A desire for empathy, of course, need not impede the development of automation. If government manages the transition to an automated state well, it is possible that automation can enhance the government’s ability to provide empathy to members of the public.

Can administrative law help encourage empathic administrative processes? Some might say that this is already a purpose underlying the procedural due process principles that make up administrative law. Goldberg v. Kelly, after all, guarantees certain recipients of government benefits the right to an oral hearing before a neutral decision-maker prior to the termination of their benefits, a right that does afford at least an opportunity for affected individuals to engage with a theoretically empathic administrative judge. But the now-canonical test of procedural due process reflected in Mathews v. Eldridge is almost entirely devoid of attention to the role of listening, caring, and concern in government’s interactions with members of the public. Mathews defines procedural due process largely in terms of factors such as the potential for reducing decision-making error and the government’s interests concerning fiscal and administrative burdens. AI automation would seem to pass muster quite easily under the Mathews balancing test.

This is one way that existing principles of administrative law may fall short in an automated state and where the need for greater vision will be needed. Hearing rights and the need for reasons are about more than just achieving accurate outcomes, which is what the Mathews framework implies. On the contrary, hearings and reason-giving might not be all that good at achieving accurate outcomes, at least not as consistently as reliably developed and validated digital systems. After all, studies have indicated that outcomes decided by human judges can be biased and error-prone. Against the status quo, automated systems promise distinct advantages when they can be shown to deliver fairer, more consistent, and even speedier decisions.

But humans will still be good at listening to and empathizing with the predicaments of those who are seeking assistance from government or otherwise affected by governmental decisions. It is that human quality of empathy that should lead the administrative law of procedural due process to move beyond just its current emphasis on reducing errors and lowering costs.

To some judges, the need for an administrative law of empathy may lead them to ask whether members of the public have a “right to a human decision” within an automated state. But not all human decisions are necessarily empathic ones. Moreover, a right to a human decision would bring with it the possibility that the law would accept all the flaws in human decision-making simply to retain one of the virtues of human engagement. If automated decisions turn out increasingly to be more accurate and less biased than human ones, a right to a decision by humans would seem to deny the public the desirable improvements in governmental performance that AI and automated tools can deliver.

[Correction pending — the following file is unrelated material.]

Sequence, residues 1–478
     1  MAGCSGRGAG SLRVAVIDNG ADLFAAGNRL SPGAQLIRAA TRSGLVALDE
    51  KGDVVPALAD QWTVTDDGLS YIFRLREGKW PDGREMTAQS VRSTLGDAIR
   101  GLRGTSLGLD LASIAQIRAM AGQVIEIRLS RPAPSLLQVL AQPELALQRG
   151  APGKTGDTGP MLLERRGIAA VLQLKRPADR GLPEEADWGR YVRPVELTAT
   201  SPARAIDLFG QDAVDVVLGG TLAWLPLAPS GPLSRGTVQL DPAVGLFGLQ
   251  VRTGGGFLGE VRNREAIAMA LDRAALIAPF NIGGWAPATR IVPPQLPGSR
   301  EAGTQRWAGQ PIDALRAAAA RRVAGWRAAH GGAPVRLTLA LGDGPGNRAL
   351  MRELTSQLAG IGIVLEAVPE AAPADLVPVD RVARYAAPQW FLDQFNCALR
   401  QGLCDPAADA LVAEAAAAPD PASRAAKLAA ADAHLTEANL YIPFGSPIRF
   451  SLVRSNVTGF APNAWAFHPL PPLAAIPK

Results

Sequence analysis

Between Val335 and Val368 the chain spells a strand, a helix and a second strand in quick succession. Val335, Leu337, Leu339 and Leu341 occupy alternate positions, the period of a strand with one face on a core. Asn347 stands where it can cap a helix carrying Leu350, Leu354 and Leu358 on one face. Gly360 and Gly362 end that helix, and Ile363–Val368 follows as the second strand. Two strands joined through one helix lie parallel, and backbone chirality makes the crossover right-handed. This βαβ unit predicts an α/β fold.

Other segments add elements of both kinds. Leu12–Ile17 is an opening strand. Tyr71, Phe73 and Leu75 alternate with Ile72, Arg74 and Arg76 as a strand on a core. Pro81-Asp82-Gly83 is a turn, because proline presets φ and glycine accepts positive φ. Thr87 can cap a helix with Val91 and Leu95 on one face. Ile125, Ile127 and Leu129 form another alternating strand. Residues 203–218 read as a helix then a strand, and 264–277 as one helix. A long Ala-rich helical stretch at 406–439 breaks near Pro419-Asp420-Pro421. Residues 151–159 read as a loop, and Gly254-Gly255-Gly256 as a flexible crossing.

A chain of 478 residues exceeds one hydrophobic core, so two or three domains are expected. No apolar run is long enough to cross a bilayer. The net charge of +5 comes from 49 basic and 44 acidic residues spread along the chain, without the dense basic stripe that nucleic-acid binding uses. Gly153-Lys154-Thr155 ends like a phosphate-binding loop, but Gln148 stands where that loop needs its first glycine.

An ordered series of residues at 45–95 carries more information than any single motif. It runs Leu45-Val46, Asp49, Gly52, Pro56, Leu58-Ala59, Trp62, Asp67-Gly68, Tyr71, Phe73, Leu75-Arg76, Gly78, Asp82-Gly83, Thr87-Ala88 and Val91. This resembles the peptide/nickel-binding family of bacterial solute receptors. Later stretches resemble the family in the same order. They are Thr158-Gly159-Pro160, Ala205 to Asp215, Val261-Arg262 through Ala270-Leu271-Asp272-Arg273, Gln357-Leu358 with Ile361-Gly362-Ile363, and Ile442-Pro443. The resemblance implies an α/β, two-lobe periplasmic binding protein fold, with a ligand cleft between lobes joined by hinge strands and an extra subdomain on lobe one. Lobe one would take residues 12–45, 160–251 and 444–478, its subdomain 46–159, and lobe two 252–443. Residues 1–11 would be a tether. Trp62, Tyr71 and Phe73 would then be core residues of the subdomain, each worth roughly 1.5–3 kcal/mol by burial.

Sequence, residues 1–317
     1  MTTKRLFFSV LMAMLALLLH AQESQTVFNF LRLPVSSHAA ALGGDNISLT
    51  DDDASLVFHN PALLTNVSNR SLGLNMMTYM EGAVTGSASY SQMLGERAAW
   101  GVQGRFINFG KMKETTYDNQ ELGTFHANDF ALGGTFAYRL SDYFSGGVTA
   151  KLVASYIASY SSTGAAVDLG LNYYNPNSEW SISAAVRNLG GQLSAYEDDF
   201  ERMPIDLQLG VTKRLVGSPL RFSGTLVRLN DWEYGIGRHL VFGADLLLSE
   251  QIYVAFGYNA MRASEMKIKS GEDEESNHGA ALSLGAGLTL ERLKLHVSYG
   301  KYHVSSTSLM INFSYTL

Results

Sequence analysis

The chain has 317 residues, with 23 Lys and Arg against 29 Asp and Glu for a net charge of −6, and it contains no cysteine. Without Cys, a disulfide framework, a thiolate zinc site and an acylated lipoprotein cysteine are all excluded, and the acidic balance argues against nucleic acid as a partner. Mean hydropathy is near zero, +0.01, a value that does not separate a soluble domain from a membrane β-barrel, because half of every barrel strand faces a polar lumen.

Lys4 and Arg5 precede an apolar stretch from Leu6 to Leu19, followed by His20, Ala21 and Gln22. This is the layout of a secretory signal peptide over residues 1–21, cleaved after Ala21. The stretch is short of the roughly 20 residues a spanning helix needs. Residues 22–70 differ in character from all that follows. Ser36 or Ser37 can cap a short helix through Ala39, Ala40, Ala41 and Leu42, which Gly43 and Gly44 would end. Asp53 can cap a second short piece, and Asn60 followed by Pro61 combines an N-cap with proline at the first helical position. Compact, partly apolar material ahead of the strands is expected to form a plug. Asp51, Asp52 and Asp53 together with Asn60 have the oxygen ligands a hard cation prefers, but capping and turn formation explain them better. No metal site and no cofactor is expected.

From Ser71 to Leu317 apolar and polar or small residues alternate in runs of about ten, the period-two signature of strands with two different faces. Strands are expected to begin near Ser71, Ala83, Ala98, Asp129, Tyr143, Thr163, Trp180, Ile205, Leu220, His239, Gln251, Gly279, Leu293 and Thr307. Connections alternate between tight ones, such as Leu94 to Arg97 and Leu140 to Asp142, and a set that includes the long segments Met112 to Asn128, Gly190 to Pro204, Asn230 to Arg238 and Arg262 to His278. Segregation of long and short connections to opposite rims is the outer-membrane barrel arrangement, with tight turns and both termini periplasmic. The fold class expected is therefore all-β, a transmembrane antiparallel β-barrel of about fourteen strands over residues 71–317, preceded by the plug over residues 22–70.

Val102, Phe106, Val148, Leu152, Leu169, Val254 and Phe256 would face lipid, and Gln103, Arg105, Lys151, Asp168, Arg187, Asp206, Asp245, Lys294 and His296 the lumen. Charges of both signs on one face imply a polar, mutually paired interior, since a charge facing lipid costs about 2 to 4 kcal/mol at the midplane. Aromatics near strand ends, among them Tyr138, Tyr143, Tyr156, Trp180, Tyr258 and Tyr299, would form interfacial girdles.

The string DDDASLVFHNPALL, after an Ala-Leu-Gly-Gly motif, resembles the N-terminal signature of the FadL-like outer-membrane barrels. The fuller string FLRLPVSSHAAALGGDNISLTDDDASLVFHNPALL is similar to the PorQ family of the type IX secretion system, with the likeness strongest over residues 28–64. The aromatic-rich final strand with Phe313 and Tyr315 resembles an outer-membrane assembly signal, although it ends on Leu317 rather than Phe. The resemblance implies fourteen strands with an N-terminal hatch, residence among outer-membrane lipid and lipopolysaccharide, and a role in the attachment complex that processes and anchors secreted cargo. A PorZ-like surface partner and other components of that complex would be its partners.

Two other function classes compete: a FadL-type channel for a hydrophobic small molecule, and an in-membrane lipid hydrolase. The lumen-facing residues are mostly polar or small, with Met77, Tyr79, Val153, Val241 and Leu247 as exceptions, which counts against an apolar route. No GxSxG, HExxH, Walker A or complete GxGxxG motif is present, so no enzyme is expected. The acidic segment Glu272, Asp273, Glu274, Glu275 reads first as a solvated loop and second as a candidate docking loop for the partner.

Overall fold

Administrative law need not stand in the way of these improvements. It can accept the use of AI and automation while nevertheless pushing government forward toward additional opportunities for listening and compassionate responses. Much as the U.S. Supreme Court in Goldberg v. Kelly insisted on a pretermination hearing for welfare recipients, courts in the future can ask whether certain interests are of a sufficient quality and importance to demand that agencies provide supplemental engagement with and assistance to individuals subjected to automated processes. Courts could in this way seek to reinforce best practices in agency efforts to provide empathic outreach and assistance.

In the end, if administrative law in an automated state is to adopt new rights, society might be better served if courts avoid the recognition of a right to a human decision. Instead, courts could consider and seek to define a right to human empathy.

Cary Coglianese

Cary Coglianese is the Edward B. Shils Professor of Law and Professor of Political Science at the University of Pennsylvania, where he directs the Penn Program on Regulation and serves as the faculty advisor to The Regulatory Review.

This essay draws on the author’s earlier article, “Administrative Law in the Automated State,” previously published in the journal, Daedulus.